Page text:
Iodine is a chemical element with symbol I and atomic number 53. The name is from Greek ἰοειδής ioeidēs, meaning violet or purple, due to the color of elemental iodine vapor.

Iodine and its compounds are primarily used in nutrition, and industrially in the production of acetic acid and certain polymers. Iodine's relatively high atomic number, low toxicity, and ease of attachment to organic compounds have made it a part of many X-ray contrast materials in modern medicine. Iodine has only one stable isotope. A number of iodine radioisotopes are also used in medical applications.

Iodine is found on Earth mainly as the highly water-soluble iodide ion, I-, which concentrates it in oceans and brine pools. Like the other halogens, free iodine occurs mainly as a diatomic molecule I2, and then only momentarily after being oxidized from iodide by an oxidant like free oxygen. In the universe and on Earth, iodine's high atomic number makes it a relatively rare element. However, its presence in ocean water has given it a role in biology. It is the heaviest essential element utilized widely by life in biological functions (only tungsten, employed in enzymes by a few species of bacteria, is heavier). Iodine's rarity in many soils, due to initial low abundance as a crust-element, and also leaching of soluble iodide by rainwater, has led to many deficiency problems in land animals and inland human populations. Iodine deficiency affects about two billion people and is the leading preventable cause of intellectual disabilities.

Iodine is required by higher animals, which use it to synthesize thyroid hormones, which contain the element. Because of this function, radioisotopes of iodine are concentrated in the thyroid gland along with nonradioactive iodine. If inhaled, the radioisotope iodine-131, which has a high fission product yield, concentrates in the thyroid, but is easily remedied with potassium iodide treatment.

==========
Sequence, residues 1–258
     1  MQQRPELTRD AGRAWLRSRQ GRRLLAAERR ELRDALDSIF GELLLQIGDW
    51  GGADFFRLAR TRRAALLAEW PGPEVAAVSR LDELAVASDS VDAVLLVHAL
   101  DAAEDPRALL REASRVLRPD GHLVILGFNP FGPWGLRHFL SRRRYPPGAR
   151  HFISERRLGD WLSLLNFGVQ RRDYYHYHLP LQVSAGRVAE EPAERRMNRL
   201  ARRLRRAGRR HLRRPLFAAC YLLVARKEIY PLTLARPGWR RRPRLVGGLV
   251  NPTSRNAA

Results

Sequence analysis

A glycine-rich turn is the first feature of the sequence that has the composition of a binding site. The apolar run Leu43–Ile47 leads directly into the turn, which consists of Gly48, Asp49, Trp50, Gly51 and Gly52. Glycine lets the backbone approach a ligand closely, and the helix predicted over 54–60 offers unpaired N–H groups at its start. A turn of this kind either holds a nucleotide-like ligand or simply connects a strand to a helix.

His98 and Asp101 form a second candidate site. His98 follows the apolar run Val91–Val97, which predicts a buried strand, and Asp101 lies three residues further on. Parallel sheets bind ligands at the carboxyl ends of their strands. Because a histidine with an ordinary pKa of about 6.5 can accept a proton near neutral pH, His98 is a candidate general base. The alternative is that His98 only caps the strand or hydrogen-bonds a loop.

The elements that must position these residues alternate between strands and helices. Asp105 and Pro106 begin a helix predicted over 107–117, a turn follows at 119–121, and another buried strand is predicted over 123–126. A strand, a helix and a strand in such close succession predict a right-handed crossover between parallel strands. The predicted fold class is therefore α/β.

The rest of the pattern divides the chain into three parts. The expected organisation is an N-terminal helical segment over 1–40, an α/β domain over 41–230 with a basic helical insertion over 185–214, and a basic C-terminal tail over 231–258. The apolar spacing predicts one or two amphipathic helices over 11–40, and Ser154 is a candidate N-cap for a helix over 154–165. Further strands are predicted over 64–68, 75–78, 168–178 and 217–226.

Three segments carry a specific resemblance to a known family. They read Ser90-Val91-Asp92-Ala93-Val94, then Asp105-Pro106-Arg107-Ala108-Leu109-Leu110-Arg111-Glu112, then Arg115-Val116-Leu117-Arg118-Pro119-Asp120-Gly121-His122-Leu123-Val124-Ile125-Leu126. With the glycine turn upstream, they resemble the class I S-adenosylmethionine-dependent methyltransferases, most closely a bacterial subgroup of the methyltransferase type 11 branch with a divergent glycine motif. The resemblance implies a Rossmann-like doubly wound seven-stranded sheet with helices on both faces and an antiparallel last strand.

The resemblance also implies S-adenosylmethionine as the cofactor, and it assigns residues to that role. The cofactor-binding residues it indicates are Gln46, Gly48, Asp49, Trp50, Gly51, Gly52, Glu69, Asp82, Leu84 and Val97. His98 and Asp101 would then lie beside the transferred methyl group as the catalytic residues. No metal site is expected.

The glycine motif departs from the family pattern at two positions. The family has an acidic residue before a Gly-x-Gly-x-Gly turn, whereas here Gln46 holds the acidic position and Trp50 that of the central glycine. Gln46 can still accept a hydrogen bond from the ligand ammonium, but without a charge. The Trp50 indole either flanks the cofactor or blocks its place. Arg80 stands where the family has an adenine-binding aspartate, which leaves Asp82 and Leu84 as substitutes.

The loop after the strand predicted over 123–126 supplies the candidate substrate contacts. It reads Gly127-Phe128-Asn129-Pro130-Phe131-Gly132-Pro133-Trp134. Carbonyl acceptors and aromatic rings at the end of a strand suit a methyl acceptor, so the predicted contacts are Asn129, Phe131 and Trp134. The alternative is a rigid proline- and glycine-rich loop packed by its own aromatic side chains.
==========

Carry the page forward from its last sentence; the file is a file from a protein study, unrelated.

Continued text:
Read more about Iodine:  Characteristics, Occurrence, Structure and Bonding, Production, Isotopes and Their Applications, History, Iodine Chemistry, Biological Role, Precautions and Toxicity of Elemental Iodine

Other articles related to "iodine":

Minami Kantō Gas Field - Natural Resources - Brine
... The drill well yield additional to the natural gas a brine rich in iodine ... The iodine is extracted in large scale and makes this area the second largest producer after Chile, where the iodine is extracted from the caliche ...
Cadexomer Iodine
... Cadexomer iodine is an iodophor that is produced by the reaction of dextrin with epichlorhydrin coupled with ion-exchange groups and iodine ... It is a water-soluble modified starch polymer containing 0.9% iodine, calculated on a weight-weight basis, within a helical matrix ...
Sodium-iodide Symporter - Iodine Uptake
... Iodine uptake mediated by thyroid follicular cells from the blood plasma is the first step for the synthesis of thyroid hormones ... This ingested iodine is bound to serum proteins, especially to albumins ... The rest of the iodine which remains unlinked and free in bloodstream, is removed from the body through urine (the kidney is essential in the removal of iodine from ...
Starch Indicator
... Starch forms a very dark blue-black complex with triiodide which can be made by mixing iodine with iodide (often from potassium iodide) ... However, the complex is not formed if only iodine or only iodide (I-) is present ... deep, that it can be detected visually when the concentration of the iodine is as low as 0.00002 M at 20 °C ...
Precautions and Toxicity of Elemental Iodine - Iodine Sensitivity
... Some people develop a sensitivity to iodine ... Application of tincture of iodine can cause a rash ... Some cases of reaction to Povidone-iodine (Betadine) resulted in chemical burns ...

Famous quotes containing the word iodine:

    During Prohibition days, when South Carolina was actively advertising the iodine content of its vegetables, the Hell Hole brand of ‘liquid corn’ was notorious with its waggish slogan: ‘Not a Goiter in a Gallon.’
    —Administration in the State of Sout, U.S. public relief program (1935-1943)